Viet Nam News
WASHINGTON — The IMF has urged Argentina to stay the course on tough economic reforms, but also to take steps to protect the poor from the negative consequences.
In the first report on the nation’s economy in a decade, marking full restoration of relations between Buenos Aires and the International Monetary Fund, the fund on Thursday said it would take time for the reforms to bear fruit and there will be "negative short-term impact" of the policy changes.
However, the IMF warned the government should not be tempted to ease up on measures like spending cuts, despite the recession this year, but it "should be sensitive to its impact on growth, jobs, and the most vulnerable segments of the population."
The IMF last month forecast the Argentine economy will contract by 1.7 per cent this year followed by a 2017 rebound as the reforms take hold, with growth of 2.7 per cent expected.
The nearly year-old government of President Mauricio Macri has begun an ambitious reform program to reverse the "unsustainable policy framework of the past administration (which) was simply not tenable," the IMF said.
The IMF "cautioned that reversing the legacy of severe macroeconomic imbalances, pervasive microeconomic distortions, and a weakened institutional framework will take time."
Reducing inflation -- which is expected to end the year near 40 per cent -- remains a key goal, and will require steps to insure the central bank is independent and has credibility.
But the IMF warned that "the pace at which inflation is reduced should remain attuned to its economic costs."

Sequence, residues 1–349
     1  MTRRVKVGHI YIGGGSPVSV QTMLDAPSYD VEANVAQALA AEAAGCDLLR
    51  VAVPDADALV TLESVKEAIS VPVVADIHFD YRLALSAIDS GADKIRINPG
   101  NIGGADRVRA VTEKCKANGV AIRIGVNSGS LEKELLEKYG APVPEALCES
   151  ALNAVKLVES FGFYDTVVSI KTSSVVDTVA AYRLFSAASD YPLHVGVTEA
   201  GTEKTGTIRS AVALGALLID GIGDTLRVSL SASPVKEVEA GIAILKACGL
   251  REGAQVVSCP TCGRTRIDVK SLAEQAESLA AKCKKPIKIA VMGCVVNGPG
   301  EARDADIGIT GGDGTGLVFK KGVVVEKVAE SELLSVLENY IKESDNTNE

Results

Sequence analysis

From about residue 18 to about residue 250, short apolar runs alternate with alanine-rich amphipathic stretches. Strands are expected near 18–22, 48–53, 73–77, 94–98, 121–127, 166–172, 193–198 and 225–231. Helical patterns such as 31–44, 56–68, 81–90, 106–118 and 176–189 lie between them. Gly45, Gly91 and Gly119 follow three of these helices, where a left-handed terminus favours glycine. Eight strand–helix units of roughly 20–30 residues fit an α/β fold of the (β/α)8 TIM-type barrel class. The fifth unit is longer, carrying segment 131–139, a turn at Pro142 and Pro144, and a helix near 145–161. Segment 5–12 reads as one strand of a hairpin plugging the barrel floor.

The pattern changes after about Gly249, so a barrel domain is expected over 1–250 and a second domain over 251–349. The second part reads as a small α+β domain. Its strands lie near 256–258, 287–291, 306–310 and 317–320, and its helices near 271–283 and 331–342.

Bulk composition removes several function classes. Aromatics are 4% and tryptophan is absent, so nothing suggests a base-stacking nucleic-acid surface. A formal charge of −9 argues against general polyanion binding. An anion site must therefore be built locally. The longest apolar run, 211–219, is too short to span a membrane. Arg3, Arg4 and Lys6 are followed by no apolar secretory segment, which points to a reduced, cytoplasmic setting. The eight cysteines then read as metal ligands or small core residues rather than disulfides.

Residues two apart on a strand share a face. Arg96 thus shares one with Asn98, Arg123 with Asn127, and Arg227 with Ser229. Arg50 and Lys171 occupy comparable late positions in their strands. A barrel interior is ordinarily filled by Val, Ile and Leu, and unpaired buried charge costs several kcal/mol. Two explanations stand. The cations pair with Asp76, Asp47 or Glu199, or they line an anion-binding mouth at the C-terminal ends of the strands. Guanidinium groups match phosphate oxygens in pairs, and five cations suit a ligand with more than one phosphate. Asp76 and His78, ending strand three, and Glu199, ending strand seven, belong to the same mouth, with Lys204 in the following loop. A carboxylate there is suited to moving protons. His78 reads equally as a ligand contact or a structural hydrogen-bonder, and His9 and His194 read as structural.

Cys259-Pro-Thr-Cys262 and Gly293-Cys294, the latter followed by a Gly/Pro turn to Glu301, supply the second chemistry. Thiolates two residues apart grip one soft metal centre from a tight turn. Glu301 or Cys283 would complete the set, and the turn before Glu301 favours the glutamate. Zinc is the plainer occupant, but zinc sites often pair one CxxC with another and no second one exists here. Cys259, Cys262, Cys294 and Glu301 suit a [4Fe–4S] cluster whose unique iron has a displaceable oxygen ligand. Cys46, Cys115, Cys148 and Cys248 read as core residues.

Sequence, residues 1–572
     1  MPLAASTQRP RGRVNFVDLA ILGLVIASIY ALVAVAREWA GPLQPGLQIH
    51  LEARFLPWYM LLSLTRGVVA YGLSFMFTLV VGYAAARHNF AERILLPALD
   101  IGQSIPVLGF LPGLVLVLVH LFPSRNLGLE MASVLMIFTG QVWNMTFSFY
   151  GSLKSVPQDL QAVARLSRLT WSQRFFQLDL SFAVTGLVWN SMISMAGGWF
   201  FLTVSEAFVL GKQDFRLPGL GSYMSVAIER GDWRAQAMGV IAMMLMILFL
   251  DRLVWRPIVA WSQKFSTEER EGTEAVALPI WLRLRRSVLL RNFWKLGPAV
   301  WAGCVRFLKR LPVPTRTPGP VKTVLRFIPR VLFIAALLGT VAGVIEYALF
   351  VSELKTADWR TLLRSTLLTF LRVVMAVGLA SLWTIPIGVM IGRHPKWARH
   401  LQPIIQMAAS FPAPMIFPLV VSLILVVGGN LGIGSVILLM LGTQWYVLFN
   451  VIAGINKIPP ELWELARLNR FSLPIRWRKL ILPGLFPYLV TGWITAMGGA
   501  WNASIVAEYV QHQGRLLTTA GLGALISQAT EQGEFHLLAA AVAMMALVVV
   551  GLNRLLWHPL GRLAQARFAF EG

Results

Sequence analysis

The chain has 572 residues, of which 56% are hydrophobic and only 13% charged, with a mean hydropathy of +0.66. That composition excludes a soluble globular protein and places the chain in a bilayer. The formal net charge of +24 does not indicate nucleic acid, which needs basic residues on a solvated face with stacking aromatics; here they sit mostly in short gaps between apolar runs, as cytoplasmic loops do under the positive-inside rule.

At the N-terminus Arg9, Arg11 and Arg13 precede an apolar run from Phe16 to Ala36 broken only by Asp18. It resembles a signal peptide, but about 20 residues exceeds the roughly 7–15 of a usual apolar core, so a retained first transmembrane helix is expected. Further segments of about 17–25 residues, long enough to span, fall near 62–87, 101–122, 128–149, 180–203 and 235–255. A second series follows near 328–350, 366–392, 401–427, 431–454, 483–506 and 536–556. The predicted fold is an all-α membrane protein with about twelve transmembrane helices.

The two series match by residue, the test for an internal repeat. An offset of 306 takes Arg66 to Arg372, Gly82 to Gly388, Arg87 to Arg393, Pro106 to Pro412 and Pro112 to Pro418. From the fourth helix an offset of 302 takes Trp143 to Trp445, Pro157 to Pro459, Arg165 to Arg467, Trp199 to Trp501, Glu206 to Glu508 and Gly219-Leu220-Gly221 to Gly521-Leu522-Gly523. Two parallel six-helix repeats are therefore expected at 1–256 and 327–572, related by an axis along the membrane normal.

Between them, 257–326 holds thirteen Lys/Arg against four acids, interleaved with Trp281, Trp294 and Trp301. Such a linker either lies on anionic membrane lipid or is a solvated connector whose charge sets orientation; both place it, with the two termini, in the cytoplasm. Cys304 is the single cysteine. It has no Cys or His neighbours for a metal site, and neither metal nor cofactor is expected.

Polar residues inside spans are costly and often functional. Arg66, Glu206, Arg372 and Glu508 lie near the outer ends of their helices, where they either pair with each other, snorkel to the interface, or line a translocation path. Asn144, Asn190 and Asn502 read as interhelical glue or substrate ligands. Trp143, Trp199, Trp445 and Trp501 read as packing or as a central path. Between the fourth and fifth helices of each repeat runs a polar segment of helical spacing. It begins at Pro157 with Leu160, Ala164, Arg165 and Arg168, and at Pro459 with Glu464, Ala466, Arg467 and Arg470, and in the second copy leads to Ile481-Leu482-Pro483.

The economy also will need "supply side" reforms to improve the business climate and boost growth, including changes to energy and utility regulations and rates, with a program to protect the poor.
The report on the economy, the so-called Article IV review, is marks the end of more than 10 years of friction and severed ties between Argentina and the fund under the two previous administrations.
It came the day after the IMF board lifted the February 2013 censure of the country over its questionable official statistics, the first time it had ever censured one of its 189 members.
Macri’s predecessor, former president Cristina Kirchner, ran afoul of the IMF with its notoriously inaccurate reports on prices and growth, which masked deep economic problems.
Since Macri took office in December 2015, the government has moved to rebuild relations with the IMF, and has begun reporting what are widely regarded as genuine statistics on inflation, unemployment and growth. — AFP